I want to plot, on the complex plane, $\cos(x+yi)$, where $-\pi\le y\le\pi$. Which software can accomplish this? It is best to use a free software. Please include your script to do this.

More concretely, I want the image of $\cos(x+yi)$ on the complex plane. A point $a+bi$ is placed on the graph if there exist some $x$ and $y$ such that $\cos(x+yi)=a+bi$ and $-\pi\le y\le\pi$. A point $a+bi$ has distance $a$ on the real axis and distance $b$ on the imaginary axis. The set of all such points is the graph I want.

  • $\begingroup$ Can give WolframAlpha or Mathematica a try. $\endgroup$ Oct 11, 2016 at 15:11
  • $\begingroup$ @SimpleArt Wolfram Alpha gives the real part and the imaginary part separately. I want the combined graph on the complex plane. And Mathematica is not free. $\endgroup$
    – Zirui Wang
    Oct 11, 2016 at 15:20
  • $\begingroup$ @ZiruiWang I would point out that mathematica online is, to some degree. Lot less power (especially with the "free" version) but should still plot something like this. $\endgroup$ Oct 11, 2016 at 15:32
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    $\begingroup$ It's a bit unclear what kind of plot you want, but here's something for Matlab: se.mathworks.com/company/newsletters/articles/…. If that's the kind of thing you're after, see section "Internet Sources" here for more suggestions: users.mai.liu.se/hanlu09/complex. $\endgroup$ Oct 11, 2016 at 16:38
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    $\begingroup$ An option is to switch to a four dimensional universe and plot the quadruples $(x,y,a,b)$, giving a bidimensional variety. You will need a tool like Hyper$_4$Matlab and a 4D printer. :) $\endgroup$
    – user65203
    Oct 12, 2016 at 12:43

3 Answers 3


Let's describe the set of values of $\cos(x+iy)$ for $x\in\Bbb R$ and $y\in[-\pi,\pi]$.

We have $\cos(t+is)=\cos t\cosh s-i\sin t\sinh s$, so the images of $t+is$ for a fixed $s$ and a varying $t$, are described by the parametric equation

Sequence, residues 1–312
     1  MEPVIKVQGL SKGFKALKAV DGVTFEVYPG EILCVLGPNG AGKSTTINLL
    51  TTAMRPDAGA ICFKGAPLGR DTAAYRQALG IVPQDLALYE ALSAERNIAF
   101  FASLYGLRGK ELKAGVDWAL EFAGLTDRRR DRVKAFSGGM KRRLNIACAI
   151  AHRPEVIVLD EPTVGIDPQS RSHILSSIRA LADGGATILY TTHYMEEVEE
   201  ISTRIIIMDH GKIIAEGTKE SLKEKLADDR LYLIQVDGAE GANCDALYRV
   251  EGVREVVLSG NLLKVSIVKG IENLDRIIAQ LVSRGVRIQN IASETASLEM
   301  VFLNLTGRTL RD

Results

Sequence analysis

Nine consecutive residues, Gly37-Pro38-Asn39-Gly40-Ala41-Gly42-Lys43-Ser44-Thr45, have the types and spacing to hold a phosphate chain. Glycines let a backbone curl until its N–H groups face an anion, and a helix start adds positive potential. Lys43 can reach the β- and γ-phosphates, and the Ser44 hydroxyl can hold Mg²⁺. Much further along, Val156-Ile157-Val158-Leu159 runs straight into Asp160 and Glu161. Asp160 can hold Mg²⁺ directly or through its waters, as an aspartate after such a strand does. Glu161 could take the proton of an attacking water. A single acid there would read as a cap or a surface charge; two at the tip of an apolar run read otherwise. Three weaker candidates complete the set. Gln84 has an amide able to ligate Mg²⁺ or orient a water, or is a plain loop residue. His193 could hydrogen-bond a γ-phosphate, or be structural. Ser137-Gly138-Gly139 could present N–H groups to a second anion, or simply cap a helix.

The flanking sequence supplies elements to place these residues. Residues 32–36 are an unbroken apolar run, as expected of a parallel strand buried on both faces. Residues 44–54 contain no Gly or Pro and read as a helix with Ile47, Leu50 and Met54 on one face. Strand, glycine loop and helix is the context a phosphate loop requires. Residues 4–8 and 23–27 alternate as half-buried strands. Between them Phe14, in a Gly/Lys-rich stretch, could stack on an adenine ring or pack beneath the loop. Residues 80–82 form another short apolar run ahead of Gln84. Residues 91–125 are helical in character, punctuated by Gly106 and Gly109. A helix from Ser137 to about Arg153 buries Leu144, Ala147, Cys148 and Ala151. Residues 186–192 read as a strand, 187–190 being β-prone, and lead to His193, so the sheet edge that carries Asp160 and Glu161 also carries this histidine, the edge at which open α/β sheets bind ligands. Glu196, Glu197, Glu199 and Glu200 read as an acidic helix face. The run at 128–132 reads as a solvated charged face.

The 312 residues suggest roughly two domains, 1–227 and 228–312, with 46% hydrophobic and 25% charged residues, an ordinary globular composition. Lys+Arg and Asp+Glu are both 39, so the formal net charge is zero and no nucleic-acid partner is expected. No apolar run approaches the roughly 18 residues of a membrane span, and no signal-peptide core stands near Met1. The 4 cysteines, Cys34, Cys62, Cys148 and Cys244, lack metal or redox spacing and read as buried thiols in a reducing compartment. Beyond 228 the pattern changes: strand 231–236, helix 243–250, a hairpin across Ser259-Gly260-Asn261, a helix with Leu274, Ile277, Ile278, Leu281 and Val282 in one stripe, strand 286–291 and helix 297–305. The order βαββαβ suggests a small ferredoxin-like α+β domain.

$$\left\{\begin{matrix}x=\alpha \cos t\\y=\beta\sin t\end{matrix}\right.$$

With $\alpha=\cosh s$ and $\beta=-\sinh s$

This is the equation of an ellipse, with semi-major axis $\alpha$ and semi-minor axis $|\beta|$. The values of $\alpha$ and $\beta$ are restricted: the point with coordinates $(\alpha,\beta)$ lies on a rectangular hyperbola (equation $x^2-y^2=1$, since $\cosh^2 s-\sinh^2 s=1$ for all $s$), and you want also that $s\in[-\pi,\pi]$.

We can further restrict the values of $s$ to $[0,\pi]$, as negative values won't yield more points since $\cos(t-is)=\cos(-t+is)$ and $t$ spans $\Bbb R$.

Lastly, for positive $s$, $\cosh s$ and $\sinh s$ are increasing with $s$. Therefore, the ellipse for $s_1$ lies inside the ellipse for $s_2>s_1$. The ellipses are thus "continuously growing" from the degenerate case $s=0$ (for which the points $\cos(t+0i)=\cos t$ simply describe the segment between points $-1$ and $+1$ in the complex plane), to the larger one for $s=\pi$.

All in all, the values of $\cos(t+is)$ for $t\in\Bbb R$ and $s\in[-\pi,\pi]$ describe exactly the ellipse $x=\cosh\pi\cos t,y=\sinh \pi\sin t$, and along with all points in its interior.

Now that we know what we are after, it's easy to plot with WolframAlpha: it's simply the set described by the inequation


See this on WA. It looks like a circle, because $\cosh \pi$ and $\sinh \pi$ are very close (less than 0.4% difference).